The Slave Ship: An Operative Architecture Responsible for the Abysmal Atlantic Crossing


Léopold Lambert – Paris on January 8, 2016
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Above: La Marie-Séraphine (1770) / Excerpt from Bertrand Guillet, La Marie-Séraphine: Navire négrier, Nantes: Editions MeMo, 2009.

Writing about the open wound that the history of slavery constitutes is always a painful exercise. It is also doomed to fail making us fathom the formidable sustainability of violence that the three centuries of legalized slavery implemented — but would we ever recover from such a fathoming? This article is the fifth one about the abysmal Atlantic crossing and its architectural technology, the slave ship. While two of them were comparing (without ever equating) the Atlantic abyss with the current Mediterranean one (see “The Mediterranean Abyss: South Wall of Fortress Europe and Cemetery of the Poors” and “The Politics of Overpopulated Spaces“), two others focused on the historical crossing of the slave trade, citing the three Carribean authors C.L.R. James, Édouard Glissant, and Patrick Chamoiseau (see “The Slave Ship Is Architecture” and “Abysmal Atlantic: The Slave Ships’ Genocide“).

The argument of these articles in the broader context of the research exposed on this platform is simple: although architecture and design (and through them, architects and designers) cannot be held responsible for the founding logic of the genocide that constitutes the slave trade, the latter could simply have never existed without their active contribution and, as such, architecture is fundamentally responsible for the operativity of slavery. Here, more than ever, we need to forget any dissociation between the various scales of design: the plantation cabin is architecture, of course (see Clifton Ellis and Rebecca Ginsburg (eds), Cabin, Quarter, Plantation, New Haven: Yale University Press, 2010) but more broadly, any materialized form of whatever size or nature implementing the organization of bodies in space is also architecture. This includes the slave ship and its inherent tension between the fundamental cruelty of its design and the economization of life that its function requires vis-a-vis its “human cargo.”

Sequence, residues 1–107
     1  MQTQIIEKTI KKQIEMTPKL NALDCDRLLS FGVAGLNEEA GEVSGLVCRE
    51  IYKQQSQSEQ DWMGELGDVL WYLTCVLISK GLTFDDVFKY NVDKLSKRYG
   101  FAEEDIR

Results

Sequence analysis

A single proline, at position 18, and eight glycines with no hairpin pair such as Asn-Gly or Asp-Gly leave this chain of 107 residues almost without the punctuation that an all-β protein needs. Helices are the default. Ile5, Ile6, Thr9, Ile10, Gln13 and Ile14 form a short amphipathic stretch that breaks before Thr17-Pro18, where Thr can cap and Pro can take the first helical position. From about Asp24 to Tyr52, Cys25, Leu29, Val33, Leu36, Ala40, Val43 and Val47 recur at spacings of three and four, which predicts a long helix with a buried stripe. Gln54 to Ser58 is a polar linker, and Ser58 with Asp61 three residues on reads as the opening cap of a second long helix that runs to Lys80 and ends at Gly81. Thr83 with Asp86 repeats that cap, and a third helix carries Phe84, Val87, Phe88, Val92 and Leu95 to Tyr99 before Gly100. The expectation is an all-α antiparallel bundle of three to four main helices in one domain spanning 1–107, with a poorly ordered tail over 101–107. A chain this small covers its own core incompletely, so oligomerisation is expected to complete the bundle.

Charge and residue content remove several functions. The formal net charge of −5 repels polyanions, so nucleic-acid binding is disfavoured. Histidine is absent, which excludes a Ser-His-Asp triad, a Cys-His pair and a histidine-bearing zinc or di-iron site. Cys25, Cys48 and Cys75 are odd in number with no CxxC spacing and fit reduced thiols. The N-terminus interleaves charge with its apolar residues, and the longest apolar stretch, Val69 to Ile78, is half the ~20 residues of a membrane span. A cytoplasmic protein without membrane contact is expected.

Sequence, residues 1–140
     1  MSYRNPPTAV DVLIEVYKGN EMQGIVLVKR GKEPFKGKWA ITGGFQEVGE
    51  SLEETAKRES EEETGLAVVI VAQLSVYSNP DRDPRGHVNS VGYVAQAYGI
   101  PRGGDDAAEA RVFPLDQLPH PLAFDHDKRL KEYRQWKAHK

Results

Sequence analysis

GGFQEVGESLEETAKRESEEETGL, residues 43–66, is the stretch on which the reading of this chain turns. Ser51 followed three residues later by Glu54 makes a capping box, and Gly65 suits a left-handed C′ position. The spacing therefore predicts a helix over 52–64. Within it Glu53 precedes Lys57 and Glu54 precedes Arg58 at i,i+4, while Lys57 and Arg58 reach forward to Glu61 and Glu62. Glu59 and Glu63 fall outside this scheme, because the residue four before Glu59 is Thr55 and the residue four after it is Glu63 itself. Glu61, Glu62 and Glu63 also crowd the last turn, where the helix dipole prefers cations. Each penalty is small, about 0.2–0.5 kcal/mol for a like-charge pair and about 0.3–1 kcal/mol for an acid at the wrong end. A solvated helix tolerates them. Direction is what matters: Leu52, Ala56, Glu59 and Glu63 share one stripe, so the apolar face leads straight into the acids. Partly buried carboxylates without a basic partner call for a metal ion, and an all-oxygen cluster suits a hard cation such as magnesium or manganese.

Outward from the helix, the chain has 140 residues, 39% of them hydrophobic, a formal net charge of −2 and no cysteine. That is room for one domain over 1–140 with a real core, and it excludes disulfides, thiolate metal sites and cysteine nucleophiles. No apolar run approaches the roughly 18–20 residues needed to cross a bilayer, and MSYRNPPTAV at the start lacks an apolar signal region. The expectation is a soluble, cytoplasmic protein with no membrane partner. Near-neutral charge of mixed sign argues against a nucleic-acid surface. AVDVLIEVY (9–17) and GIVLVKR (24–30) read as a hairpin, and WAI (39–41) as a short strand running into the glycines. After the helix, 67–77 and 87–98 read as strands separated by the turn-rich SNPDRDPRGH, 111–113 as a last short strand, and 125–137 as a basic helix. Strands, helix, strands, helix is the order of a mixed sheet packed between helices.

What the example of slave ship allows, because of the world in itself it constitutes, is a representation of the holistic dimension of the weaponization of its architecture. In other words, every component of the slave ship is designed to contribute to the organization of bodies in a spatial configuration optimizing its function, as the illustrations (above and below) of the French slave ship La Marie-Séraphine (1769-1776), show well. This includes the bodies themselves: the sailors’ bodies, in their choreographed accomplishment of navigating this “vast machine” (see Rediker, 2007), the daily ‘care’ of the hundreds of bodies living under the deck, as well as the individualized or collective deadly suppression of potential forms of revolt. In The Slave Ship: A Human History (Penguin, 2007), Marcus Rediker describes the frequent deaths of these bodies during the triangular crossings, which we can interpret through a logic that shares some similarities with slavery itself: not considering bodies individually but rather, through their muscular operativity as a whole by the ship’s captain and owners. Nevertheless, the sailors’ bodies are not the only one engaged in the holistic optimization of the slave ship through its design. The imprisoned African bodies themselves, through the deliberate overpopulation of their space (see past article), were involuntarily acting as as much walls for each other — the illustrations presented here was drawn by the ship’s officer, not an abolitionist and, as such, is very likely to have minimized the amount of bodies present — in particular when these bodies were handcuffed by two, as Rediker describes in his book.

 La Marie-Séraphine (1770) / Excerpt from Bertrand Guillet, La Marie-Séraphine: Navire négrier, Nantes: Editions MeMo, 2009.